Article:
I know what you’re thinking.

Ethan must be some sort of right-wing, MAGA hat-wearing, victim-mindset white boy. I don’t think this post will be that, but just hold onto your pants.

It’s true though:

I was turned down for a ministry position, and told specifically it’s due to my skin color. The ministry is located downtown and I thought the stars were aligning. I came into contact with them just a week before the position became vacant, so I thought the timing would be perfect. I thought God had closed so many other doors in order to open this one, and everything would go along swimmingly.

The two directors interviewed me not once, not twice, not thrice, but four times before informing me they were more interested in a person of color. I asked if there were any other requirements they were trying to fill which I didn’t have—the position involved working with youth and teaching the Bible, both of which I have years of training, experience, and education in—and they said no.

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“Of course we won’t hire someone who is unqualified or has bad character,” they told me. “But we need someone who represents the multiethnic goals of our ministry, and we are worried that hiring another white person will be a step in the wrong direction. It would communicate the wrong thing to our community.”

It took a few minutes for what they were saying to really sink in: that I wasn’t what they were looking for because of my skin color.

Nevermind the fact that I had just come back from living in Guatemala, or that I have done extensive travel in Africa, Asia, Europe and India, working with dozens of cultures very different from my own. One question which had come up repeatedly in the first three interviews was, “how do you plan to connect with youth who are different ethnicities and cultures than your own?”

I didn’t think it was a hard question, I told them—I’d connect with them the same way I’d connect with any human being: with love, care, and excitement to get to know them. Apparently that wasn’t enough.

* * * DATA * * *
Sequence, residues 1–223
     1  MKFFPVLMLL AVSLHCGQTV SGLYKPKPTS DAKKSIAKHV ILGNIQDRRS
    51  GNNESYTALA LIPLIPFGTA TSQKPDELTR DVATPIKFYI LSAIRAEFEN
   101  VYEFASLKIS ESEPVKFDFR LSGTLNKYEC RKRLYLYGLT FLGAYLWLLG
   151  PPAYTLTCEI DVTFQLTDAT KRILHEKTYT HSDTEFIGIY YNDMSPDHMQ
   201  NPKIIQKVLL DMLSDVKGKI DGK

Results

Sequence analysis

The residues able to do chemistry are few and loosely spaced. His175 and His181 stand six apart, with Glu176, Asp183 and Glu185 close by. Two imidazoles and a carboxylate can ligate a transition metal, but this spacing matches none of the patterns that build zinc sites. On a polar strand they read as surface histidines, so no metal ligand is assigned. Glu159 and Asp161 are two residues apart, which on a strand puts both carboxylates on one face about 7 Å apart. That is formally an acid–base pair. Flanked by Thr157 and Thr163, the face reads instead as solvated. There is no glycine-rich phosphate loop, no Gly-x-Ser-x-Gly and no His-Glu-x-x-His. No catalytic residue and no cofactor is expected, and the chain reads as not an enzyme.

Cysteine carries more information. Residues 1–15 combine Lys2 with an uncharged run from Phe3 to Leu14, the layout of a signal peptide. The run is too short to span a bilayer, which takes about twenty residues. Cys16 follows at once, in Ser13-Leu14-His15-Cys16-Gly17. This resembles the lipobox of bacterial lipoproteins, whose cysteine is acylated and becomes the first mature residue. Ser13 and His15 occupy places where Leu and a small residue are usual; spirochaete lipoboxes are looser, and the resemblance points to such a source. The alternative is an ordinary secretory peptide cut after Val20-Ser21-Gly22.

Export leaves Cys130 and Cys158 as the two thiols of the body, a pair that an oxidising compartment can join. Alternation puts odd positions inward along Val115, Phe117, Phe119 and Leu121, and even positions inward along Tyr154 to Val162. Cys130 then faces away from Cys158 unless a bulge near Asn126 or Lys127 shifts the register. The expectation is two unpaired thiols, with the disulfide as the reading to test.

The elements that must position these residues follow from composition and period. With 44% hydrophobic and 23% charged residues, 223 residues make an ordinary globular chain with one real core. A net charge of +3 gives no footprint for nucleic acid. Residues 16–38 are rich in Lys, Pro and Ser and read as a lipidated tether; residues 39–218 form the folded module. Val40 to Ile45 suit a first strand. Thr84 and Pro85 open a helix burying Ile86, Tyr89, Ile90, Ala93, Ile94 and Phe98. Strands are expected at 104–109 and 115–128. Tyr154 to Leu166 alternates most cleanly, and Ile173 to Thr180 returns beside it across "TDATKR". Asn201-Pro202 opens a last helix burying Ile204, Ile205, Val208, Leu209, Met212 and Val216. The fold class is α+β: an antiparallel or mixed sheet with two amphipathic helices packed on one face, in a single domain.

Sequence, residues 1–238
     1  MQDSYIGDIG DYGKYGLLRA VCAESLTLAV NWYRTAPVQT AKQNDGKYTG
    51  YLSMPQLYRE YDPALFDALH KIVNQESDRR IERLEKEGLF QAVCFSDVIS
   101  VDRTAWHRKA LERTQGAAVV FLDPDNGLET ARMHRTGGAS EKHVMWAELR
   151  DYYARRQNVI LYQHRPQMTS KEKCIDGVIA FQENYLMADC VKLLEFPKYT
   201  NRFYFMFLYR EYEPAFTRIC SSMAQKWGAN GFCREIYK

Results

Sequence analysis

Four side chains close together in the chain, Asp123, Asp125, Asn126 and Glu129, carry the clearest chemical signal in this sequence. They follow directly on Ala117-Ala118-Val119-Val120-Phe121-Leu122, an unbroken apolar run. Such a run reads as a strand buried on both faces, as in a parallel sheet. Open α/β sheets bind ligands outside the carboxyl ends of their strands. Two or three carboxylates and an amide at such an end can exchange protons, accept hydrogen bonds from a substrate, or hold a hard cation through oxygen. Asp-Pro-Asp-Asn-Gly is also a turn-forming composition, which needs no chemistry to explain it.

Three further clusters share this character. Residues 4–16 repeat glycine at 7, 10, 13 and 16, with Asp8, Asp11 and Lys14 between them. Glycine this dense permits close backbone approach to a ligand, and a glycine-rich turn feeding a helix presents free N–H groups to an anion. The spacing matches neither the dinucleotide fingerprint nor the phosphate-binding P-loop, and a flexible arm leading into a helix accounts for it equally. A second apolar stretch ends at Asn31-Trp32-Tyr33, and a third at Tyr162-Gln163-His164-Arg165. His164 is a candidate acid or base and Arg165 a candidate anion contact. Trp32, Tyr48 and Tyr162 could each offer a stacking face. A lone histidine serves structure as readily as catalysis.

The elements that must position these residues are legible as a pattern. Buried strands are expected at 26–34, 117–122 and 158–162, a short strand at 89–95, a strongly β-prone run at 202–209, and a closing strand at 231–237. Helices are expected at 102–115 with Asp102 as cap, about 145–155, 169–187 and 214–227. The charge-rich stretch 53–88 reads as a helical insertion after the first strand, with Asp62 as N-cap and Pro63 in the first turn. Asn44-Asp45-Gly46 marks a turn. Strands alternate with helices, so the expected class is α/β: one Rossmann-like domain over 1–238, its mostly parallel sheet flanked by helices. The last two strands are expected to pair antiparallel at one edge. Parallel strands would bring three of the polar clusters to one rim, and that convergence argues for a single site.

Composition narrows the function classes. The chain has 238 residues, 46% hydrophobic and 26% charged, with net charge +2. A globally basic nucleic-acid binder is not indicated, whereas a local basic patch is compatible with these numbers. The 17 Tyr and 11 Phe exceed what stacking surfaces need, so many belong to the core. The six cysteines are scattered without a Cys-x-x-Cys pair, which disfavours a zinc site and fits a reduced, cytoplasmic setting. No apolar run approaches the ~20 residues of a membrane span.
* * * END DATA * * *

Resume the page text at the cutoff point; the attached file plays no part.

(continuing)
It caught me off guard to realize that my skin color was actually a barrier to me getting a job, and they seemed pretty firm on that. They fear that having too many white staff will turn away people in the community who may see it as having a white savior complex. On the one hand, sure…but on the other hand, no?

Since this interview, I have vacillated between understanding their position and anger at the situation. It had seemed like such a perfect fit, as I am far more interested in working with diverse groups of people than I am with a white-washed population. Plus I kind of know Spanish now.

My point is, as frustrating as this experience has been, I still feel wrong complaining about it.

After all, I’m white. Far more doors are open to me than are closed, both here in the States and internationally. I can’t speak from experience, but I can only imagine how many people haven’t even gotten into the door of an interview because of their non-white skin color. I know what this feels like from this singular experience, but don’t know what it’s like to go through it every day, to constantly be aware of my skin color in an often negative sense.

I wrote before about what it was like being a powerful minority in Guatemala, but I obviously don’t know what it’s like to be a minority here in the States, where many people treat you differently because of your skin color. As a country, we have made massive strides in the past years against racism, but it is far from eradicated from the hearts of humans.

So, a few thoughts from this experience:

1. I think ministries need to put more emphasis on character, experience and training than on skin color. Am I biased right now? Of course. But I never saw my skin color as a barrier to connecting with black, Asian, and Latino youth. In fact, it excited me to see the unity of the kingdom play out in that way.

2. I think white people need to be aware that this may happen to us once or twice in our lifetimes, but it happens far more often to our brothers and sisters with different skin colors than ours. I’m learning that, at the very least, we need to value hearing their stories, learning from them, asking them questions, and humbling ourselves when we may be slighted in this way. I do NOT know the experience of minorities in the States, which is why listening to them and trying to understand their experiences is so important.

3. If you’re white and you find yourself in a similar situation to mine, take some time to really think through how oppressed you are. I’d wager it’s not as bad as it feels in the moment, even if situations like these are awkward and frustrating.


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